Responding to Language

March 2 2013

Recently Vasilis van Gemert authored a very useful article on Smashing Magazine about Logical Breakpoints For Your Responsive Design. The article touches on how it you could theoretically produce different reading lengths and breakpoints for different languages. To support this idea Vasilis introduces an insightful little tool showing how the contrasting word length between different languages influences reading length.

Cropped screenshot of The International Measure Slider

This tool is worth bookmarking if you are designing multi-lingual layouts. You can take it a step further by responding to the user’s language using CSS.

The language of an HTML document is defined by the ‘lang’ attribute in the ‘<html>’ tag at the root of the document. This gives us a hook that we can use in CSS to apply globally to the document.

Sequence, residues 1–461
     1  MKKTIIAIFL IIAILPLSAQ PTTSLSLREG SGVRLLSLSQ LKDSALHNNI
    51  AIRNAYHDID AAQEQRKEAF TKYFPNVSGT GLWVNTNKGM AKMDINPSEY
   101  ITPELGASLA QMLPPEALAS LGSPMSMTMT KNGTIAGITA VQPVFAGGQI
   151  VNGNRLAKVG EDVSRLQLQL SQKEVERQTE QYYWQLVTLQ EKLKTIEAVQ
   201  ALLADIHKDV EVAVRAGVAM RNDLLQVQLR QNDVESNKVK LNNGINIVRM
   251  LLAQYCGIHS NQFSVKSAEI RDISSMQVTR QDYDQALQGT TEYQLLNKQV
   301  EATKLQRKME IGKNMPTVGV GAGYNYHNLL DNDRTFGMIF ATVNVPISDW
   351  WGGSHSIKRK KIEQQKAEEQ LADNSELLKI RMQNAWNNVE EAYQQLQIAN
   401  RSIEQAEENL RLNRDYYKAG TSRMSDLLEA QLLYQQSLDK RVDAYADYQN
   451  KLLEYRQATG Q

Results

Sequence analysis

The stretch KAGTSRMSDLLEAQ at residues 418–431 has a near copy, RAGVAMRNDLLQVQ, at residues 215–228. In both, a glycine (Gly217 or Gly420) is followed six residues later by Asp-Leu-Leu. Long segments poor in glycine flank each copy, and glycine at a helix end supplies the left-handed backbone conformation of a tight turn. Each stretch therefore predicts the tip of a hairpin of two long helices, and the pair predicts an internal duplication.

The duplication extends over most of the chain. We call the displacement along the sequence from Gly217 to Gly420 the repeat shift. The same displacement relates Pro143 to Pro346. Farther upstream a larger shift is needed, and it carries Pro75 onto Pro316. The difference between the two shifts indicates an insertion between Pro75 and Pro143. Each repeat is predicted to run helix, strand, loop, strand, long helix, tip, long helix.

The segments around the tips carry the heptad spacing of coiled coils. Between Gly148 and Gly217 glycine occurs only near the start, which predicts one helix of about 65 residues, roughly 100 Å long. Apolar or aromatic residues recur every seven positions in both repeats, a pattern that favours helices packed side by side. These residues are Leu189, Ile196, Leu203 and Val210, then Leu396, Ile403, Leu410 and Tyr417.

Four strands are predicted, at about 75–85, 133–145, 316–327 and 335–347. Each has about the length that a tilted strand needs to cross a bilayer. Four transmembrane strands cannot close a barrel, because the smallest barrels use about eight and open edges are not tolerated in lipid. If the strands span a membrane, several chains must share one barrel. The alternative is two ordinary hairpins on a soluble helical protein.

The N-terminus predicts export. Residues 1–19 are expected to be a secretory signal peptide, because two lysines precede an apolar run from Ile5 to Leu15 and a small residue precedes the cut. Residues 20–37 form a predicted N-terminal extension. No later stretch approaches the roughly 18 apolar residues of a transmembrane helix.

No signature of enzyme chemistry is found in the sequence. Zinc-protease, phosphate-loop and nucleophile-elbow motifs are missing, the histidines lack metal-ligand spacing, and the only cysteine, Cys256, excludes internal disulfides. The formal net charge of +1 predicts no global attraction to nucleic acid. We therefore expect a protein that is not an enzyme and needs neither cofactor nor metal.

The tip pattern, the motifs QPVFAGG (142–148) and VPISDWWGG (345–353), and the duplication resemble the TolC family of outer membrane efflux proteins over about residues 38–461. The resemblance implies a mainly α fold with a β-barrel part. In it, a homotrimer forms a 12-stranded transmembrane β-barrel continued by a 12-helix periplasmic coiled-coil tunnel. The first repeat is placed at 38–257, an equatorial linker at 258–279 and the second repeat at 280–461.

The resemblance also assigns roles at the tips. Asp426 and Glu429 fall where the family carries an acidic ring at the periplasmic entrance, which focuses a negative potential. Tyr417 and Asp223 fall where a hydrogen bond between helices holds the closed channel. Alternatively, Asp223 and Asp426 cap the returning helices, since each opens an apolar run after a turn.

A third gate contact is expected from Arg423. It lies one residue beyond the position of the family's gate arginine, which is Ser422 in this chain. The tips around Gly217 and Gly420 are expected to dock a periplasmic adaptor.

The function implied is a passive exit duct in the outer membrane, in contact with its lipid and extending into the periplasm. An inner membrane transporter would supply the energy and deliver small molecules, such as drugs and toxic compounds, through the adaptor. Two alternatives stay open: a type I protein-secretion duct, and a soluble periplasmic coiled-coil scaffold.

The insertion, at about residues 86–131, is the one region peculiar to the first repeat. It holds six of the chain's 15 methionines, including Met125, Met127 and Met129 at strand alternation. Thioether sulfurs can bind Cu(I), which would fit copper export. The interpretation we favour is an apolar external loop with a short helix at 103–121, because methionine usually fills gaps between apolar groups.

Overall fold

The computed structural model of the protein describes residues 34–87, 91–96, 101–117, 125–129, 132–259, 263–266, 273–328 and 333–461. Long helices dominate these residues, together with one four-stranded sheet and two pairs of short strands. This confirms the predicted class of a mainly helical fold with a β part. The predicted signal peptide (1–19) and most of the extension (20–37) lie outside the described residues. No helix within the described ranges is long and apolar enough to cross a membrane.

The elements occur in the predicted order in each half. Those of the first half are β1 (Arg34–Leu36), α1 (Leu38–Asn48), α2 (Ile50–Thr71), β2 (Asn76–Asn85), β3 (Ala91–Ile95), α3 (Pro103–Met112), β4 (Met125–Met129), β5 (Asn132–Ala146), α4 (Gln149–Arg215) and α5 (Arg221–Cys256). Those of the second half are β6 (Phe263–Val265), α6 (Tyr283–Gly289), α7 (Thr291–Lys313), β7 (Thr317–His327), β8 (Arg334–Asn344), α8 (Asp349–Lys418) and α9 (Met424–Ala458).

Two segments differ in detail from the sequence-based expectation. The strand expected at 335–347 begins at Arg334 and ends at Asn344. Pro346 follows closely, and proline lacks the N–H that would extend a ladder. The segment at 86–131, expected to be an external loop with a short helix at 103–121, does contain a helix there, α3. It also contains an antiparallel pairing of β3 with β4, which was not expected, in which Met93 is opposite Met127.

Imagine a scenario where we had a blog that has a language switcher between English and German. Generally German words are longer than English so we might want to set the reading length on the German version of our article to a slightly wider value.

The CSS might look something like this:

article {
   max-width:33em;
}
:lang(de) article {
  max-width:40em;
}

As soon as the ‘lang’ attribute is changed from the default ‘en’ to ‘de’ (through a mechanism like a language select dropdown) the width of the ‘<article>’ changes to a wider reading length making a (potentially) easier read for our German readers.

You could extend this technique to tweak the rest of the layout to adapt to the changing line-length. The fact that the language attribute is at the root of the document makes for a nice and clean base to apply global rules that respond to different languages.